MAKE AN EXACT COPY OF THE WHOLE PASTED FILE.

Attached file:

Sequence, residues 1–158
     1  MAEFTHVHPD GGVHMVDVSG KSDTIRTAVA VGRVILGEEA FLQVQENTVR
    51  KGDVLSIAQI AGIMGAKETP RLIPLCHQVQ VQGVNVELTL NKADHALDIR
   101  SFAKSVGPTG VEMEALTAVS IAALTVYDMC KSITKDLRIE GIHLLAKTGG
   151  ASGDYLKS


Sequence, residues 1–158
     1  MAEFTHVHPD GGVHMVDVSG KSDTIRTAVA VGRVILGEEA FLQVQENTVR
    51  KGDVLSIAQI AGIMGAKETP RLIPLCHQVQ VQGVNVELTL NKADHALDIR
   101  SFAKSVGPTG VEMEALTAVS IAALTVYDMC KSITKDLRIE GIHLLAKTGG
   151  ASGDYLKS